Join us in exploring the history of the former Warsaw Ghetto!
Taube Jewish Heritage Tours invites participants of the 38th IAJGS International Conference on Jewish Genealogy in Warsaw, for a journey through the Warsaw Ghetto.
Our tour begins at the Umschlagplatz. It was from this square, starting on July 22, 1942 (which coincided with the Jewish fast of Tisha B’Av) that Jews from the Warsaw Ghetto were transported to the extermination camp at Treblinka. We continue on the Memorial Route of Martyrdom and Struggle of the Jews, which runs from the Umschlagplatz to the Monument to the Heroes of the Ghetto Uprising. It is lined with blocks of black stone with the names of individuals, events and places in the Warsaw Ghetto. The tour continues towards the Willy Brandt Monument located in Willy Brandt Square until we reach the POLIN Musuem Plaza. The museum, situated on the plaza vis-a-vis the Warsaw Ghetto Uprising Memorial, creates a dynamic historical complex which memorializes the past and honors 1,000 years of the Polish Jewish experience. The site, after the destruction of the Warsaw Ghetto was turned into a concentration camp, the so-called Gęsiówka. The tour end with a walk through postwar Muranow, a district constructed on the rubble of prewar city in the late 1940s and 1950s, that shows how Communists envisaged an ideal city for the working class.
- On July 22, 1942, purposely chosen to coincide with Jewish fast day of Tisha B’Av, transports of Jews from the Warsaw Ghetto to the extermination camp began. Everyday 5,000 to 7,000 people were sent to meet their deaths in the gas chambers of Treblinka.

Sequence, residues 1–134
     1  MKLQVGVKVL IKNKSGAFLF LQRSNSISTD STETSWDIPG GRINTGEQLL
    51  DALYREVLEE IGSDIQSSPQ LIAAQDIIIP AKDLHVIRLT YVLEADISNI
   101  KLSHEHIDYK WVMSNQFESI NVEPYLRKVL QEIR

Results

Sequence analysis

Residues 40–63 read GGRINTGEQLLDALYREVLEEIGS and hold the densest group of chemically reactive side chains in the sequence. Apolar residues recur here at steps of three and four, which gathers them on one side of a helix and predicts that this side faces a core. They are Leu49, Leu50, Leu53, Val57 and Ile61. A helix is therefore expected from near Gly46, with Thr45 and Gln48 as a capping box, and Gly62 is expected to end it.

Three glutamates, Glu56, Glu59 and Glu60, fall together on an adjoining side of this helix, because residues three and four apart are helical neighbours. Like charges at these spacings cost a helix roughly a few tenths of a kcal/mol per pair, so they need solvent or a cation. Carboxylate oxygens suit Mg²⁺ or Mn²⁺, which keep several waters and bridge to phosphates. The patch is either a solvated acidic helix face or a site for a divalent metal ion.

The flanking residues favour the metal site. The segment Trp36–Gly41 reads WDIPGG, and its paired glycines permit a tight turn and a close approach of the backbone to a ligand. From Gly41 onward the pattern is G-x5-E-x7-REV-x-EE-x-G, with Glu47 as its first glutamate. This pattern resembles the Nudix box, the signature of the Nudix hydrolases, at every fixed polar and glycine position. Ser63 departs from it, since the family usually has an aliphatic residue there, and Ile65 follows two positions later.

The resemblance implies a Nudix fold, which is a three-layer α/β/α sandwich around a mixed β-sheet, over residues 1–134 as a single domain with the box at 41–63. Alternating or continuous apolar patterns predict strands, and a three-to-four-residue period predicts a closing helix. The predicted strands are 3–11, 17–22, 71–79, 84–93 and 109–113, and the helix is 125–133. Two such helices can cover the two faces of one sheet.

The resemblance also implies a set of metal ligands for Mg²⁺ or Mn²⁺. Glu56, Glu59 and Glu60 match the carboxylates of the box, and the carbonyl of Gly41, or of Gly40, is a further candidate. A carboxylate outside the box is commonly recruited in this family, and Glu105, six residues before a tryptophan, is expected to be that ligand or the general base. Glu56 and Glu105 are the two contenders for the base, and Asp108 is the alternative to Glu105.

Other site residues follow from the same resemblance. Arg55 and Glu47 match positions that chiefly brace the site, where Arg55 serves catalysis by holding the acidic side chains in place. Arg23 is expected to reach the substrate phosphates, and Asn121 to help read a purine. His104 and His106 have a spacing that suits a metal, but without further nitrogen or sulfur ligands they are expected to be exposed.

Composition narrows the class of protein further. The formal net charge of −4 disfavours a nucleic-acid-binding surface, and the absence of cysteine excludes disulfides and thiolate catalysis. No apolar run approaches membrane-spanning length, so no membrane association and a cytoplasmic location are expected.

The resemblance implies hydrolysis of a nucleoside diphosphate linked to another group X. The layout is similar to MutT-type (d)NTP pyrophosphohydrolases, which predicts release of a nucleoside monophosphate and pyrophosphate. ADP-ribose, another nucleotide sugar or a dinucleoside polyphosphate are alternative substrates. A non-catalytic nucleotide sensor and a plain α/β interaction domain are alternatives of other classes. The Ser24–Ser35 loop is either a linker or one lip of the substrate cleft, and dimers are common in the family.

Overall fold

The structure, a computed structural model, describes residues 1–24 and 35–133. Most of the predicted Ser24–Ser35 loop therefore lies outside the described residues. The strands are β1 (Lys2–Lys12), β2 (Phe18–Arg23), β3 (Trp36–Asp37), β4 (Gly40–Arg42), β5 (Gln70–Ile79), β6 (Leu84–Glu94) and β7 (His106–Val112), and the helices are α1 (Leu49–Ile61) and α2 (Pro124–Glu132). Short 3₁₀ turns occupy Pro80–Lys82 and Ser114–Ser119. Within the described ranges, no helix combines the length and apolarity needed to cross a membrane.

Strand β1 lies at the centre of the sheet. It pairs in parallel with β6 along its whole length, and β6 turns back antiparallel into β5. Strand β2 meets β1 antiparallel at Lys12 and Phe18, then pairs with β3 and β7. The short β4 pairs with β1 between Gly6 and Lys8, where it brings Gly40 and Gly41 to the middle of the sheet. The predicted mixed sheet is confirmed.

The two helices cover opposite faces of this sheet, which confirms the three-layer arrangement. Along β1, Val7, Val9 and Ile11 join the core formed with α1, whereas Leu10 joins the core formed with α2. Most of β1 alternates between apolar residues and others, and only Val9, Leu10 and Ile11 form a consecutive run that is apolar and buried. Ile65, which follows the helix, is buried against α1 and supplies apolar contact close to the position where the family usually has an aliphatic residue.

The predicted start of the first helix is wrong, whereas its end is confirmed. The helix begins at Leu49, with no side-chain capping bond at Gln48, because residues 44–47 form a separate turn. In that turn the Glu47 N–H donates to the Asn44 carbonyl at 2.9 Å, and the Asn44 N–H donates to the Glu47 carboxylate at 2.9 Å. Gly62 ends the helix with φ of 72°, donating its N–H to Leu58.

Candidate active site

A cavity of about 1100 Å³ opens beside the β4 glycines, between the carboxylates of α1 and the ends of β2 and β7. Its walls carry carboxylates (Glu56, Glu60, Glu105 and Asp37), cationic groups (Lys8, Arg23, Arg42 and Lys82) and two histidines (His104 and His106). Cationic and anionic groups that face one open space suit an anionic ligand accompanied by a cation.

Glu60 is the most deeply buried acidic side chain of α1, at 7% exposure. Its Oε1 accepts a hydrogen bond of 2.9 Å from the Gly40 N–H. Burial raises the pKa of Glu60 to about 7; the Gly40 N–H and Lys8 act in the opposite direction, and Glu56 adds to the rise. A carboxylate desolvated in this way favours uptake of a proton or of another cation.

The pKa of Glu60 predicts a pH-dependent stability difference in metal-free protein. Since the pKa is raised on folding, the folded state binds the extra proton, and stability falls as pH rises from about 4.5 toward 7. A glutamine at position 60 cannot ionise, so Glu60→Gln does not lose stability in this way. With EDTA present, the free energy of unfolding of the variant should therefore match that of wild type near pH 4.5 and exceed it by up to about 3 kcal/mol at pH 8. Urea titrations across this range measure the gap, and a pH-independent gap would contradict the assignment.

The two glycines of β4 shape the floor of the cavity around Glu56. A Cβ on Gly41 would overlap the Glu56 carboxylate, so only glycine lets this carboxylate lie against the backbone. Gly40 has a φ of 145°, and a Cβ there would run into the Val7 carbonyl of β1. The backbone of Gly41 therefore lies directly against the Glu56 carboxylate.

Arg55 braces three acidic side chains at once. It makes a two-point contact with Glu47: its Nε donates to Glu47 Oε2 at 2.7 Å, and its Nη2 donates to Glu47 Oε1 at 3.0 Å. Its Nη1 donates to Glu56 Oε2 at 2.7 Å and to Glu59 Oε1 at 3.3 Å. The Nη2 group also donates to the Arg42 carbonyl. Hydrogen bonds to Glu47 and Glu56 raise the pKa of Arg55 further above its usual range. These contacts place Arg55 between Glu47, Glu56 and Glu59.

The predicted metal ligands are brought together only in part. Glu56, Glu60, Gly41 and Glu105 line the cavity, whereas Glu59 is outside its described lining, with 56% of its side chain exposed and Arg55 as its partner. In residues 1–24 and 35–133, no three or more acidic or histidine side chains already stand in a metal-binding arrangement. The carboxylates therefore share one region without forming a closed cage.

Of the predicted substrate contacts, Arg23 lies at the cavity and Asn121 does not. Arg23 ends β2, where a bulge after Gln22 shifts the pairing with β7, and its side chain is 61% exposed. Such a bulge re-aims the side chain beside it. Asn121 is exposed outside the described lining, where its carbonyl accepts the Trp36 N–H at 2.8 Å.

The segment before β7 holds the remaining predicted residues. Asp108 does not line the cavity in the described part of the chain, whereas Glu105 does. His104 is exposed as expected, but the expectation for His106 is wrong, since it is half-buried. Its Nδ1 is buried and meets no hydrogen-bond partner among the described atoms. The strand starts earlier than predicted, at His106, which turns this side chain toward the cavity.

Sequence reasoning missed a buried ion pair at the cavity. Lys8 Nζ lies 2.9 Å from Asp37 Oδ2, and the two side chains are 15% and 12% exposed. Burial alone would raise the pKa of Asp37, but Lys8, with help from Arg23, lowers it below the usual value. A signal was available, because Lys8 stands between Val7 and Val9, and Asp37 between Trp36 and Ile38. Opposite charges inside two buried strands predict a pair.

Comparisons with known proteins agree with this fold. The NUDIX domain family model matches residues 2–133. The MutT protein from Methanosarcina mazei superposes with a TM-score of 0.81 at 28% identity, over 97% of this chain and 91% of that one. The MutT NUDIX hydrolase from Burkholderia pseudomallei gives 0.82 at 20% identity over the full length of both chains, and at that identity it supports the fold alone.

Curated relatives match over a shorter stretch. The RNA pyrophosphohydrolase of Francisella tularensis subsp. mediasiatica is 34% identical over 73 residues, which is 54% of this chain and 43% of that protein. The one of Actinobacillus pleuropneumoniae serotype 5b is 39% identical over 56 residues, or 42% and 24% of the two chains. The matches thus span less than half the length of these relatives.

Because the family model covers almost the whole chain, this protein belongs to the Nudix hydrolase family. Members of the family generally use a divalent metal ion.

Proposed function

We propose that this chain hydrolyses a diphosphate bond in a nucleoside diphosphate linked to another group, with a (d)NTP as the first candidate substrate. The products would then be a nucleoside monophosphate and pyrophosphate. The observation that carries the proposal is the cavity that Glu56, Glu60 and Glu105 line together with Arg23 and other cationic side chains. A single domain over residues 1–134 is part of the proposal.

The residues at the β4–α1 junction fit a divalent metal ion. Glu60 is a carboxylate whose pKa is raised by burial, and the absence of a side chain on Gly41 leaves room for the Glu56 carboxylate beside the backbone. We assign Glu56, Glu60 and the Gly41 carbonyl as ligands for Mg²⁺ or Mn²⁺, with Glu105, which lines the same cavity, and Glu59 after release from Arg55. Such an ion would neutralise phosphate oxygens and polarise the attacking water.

- The Memorial Route of Martyrdom and the Struggle, designed and put up in the 1980s introduces some of the heroes of the Ghetto Uprising.
- The Bunker on Mila 18, in which Mordechai Anielewicz with the most of the ŻOB insurgents perished on May 8.
- Memorial Plaza including the 1946 Memorial, the Rappaport Memorial, the monument to Zegota, Jan Karski memorial statute and Irena Sendlerowa Way
- Gęsiówka Concentration Camp site. The Nazis set up the Konzentrationslager Warschau commonly referred to as “Gęsiówka” concentration camp on the ruins of the Ghetto in August 1943. Some 10,000 Jews from Greece, France and Hungary, brought from Auschwitz, were housed in the barracks. It was liberated on August 5, 1944 as one of the first actions during the Warsaw Uprising, and 348 remaining prisoners joined the fight against the Germans.
- Muranów. The northern portion of Warsaw’s center, that formed the rump ghetto at the moment of outbreak of the Ghetto Uprising in 1943, was literally leveled to ground. The Communist authorities decided in the first postwar years, that a new model of social housing should be erected on the rubble. The socialist-realist buildings now are standing above the obliterated Jewish Warsaw, and the story of the district interweaves the vanished past with the present, a new city built on the ruins of prewar Warsaw.
Taube Jewish Heritage Tours is pleased to take you on this special journey of discovery.